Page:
United States District Court, D. New Jersey
WILLIAM J. MARTINI, U.S.D.J.
se Plaintiff Sharodd Hargrove brings this 42 U.S.C.
§ 1983 action against several employees of the New
Jersey Department of Corrections, in their individual
capacities (collectively, “Defendants”).
Plaintiff alleges that: certain Defendants retaliated against
him for exercising his First Amendment rights, by placing him
in temporary closed custody (“TCC”); certain
Defendants subjected him to an involuntary strip search in
violation of the Fourth Amendment, as incorporated into the
Fourteenth Amendment; and that the conditions of TCC violated
his rights to due process and to equal protection under the
law. Plaintiff also raises several state law claims.
Defendants now move for summary judgment on all Counts under
Federal Rule of Civil Procedure 56. There was no oral
argument. Fed.R.Civ.P. 78(b). Because Defendants are entitled
to qualified immunity, their motion is GRANTED and the action
is DISMISSED with prejudice.
following facts are undisputed unless otherwise noted. Since
2005, Defendant Sharodd Hargrove has been civilly committed
to the Special Treatment Unit (“STU”) in Kearney,
New Jersey, a facility jointly run by the New Jersey
Department of Corrections (“DOC”) and the New
Jersey Department of Health Services (“DHS”) for
the purpose of incapacitating and rehabilitating
“Sexually Violent Predators.” N.J.S.A. §
30:4-27.26. The events giving rise to this action relate to
Hargrove's suspected participation in a smuggling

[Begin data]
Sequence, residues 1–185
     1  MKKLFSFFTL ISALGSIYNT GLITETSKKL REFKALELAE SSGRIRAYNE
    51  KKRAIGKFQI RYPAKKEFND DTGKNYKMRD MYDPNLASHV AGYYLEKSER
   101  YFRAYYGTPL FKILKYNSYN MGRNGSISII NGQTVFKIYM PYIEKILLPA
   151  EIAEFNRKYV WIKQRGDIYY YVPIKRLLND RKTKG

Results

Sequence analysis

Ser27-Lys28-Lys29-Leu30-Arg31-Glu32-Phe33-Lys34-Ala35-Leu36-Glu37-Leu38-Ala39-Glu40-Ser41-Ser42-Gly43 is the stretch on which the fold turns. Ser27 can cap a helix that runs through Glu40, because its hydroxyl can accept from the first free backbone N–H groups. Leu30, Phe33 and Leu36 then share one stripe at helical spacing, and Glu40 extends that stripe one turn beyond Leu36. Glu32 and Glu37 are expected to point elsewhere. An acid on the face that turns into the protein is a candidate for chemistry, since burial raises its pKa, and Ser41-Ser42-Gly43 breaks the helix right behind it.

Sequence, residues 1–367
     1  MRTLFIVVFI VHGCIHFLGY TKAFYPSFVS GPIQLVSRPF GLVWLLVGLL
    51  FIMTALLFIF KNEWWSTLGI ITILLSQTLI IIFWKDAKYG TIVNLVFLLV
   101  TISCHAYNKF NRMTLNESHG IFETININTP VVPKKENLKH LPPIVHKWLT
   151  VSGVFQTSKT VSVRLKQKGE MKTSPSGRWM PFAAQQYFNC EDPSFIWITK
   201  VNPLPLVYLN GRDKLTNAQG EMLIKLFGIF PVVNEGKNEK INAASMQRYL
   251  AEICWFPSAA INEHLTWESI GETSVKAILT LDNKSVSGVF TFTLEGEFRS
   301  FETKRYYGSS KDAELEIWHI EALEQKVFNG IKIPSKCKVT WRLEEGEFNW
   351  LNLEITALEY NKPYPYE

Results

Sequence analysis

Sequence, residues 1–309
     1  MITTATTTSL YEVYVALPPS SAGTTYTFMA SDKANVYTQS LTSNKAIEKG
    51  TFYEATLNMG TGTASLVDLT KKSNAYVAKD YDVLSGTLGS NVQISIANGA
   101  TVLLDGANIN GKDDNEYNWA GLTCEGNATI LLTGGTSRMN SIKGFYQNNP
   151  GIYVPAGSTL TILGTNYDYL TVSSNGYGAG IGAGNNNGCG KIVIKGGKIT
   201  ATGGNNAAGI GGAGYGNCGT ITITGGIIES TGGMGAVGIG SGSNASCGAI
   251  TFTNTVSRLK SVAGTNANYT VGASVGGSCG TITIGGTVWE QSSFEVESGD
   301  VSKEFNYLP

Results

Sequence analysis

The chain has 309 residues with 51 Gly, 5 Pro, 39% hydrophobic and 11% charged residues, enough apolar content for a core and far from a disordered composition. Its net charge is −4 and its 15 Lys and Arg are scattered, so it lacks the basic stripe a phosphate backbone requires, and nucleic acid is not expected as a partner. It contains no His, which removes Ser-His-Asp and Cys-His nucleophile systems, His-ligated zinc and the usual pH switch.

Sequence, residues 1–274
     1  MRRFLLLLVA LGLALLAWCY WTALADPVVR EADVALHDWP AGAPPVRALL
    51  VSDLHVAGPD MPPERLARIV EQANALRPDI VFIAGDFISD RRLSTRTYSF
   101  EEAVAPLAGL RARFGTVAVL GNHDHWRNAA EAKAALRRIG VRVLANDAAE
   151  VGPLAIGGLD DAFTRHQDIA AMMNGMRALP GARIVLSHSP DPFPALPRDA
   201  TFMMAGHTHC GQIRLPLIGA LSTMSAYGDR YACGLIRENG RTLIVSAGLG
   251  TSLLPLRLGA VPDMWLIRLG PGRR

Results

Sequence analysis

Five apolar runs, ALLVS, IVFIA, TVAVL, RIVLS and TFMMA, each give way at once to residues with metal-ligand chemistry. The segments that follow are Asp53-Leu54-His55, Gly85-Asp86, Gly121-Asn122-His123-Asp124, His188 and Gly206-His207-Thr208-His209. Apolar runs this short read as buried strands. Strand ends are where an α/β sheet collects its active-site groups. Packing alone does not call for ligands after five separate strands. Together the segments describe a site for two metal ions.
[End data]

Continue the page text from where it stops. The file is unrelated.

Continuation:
operation along with several other STU residents and former
DOC employee Bobby Singletary. On January 3, 2013, a grand
jury indicted Plaintiff Hargrove for bribery in the second
degree and indicted Singletary for bribery, misconduct and
conspiracy. The three other residents of STU were indicted
and plead guilty in exchange for their testimony against one
or more defendants. Immediately following the indictment, the
DOC's Special Investigations Division (“SID”)
requested that the offending residents be placed in Temporary
Close Custody (“TCC”), a form of administrative
segregation. He was again placed in TCC in September
2013 while his trial for bribery was ongoing. Hargrove was
ultimately acquitted. Singletary was found guilty.
The Alleged Strip Search of Hargrove
January 4, 2013, before being placed in TCC, Hargrove and the
other indicted residents were strip searched. Hargrove
steadfastly refused to consent to the search and demanded
that the officers provide probable cause, in accordance with
STU guidelines. Hargrove Dep. 60:16-24. According to the
Complaint, Hargrove was then handcuffed and taken into a
separate room, where Defendants Troman and Salancho demanded
that he remove all of his clothing for visual bodily
inspection. Compl. ¶ 5.3. According to the Complaint,
Defendants Jones, Troman, and Salancho all threatened
Hargrove with physical violence. Compl. ¶ 5.5. Hargrove
alleges he ultimately submitted to the strip search because
he feared for his safety. Defendants deny that Hargrove was
strip searched, though concede that the Court must assume
that the strip search took place for the purposes of summary
judgment. Defendants claim that Hargrove was searched only by
use of a B.O.S.S. chair, a device which scans the body for
hidden metal objects. No contraband was recovered. Hargrove
does not allege that he sustained any physical injuries as a
result of being searched.
First Placement in TCC (January 2013)
on a recommendation from the DOC's Special Investigations
Division (“SID”), Defendant Santiago ordered that
Hargrove and the other indicted residents be placed in TCC.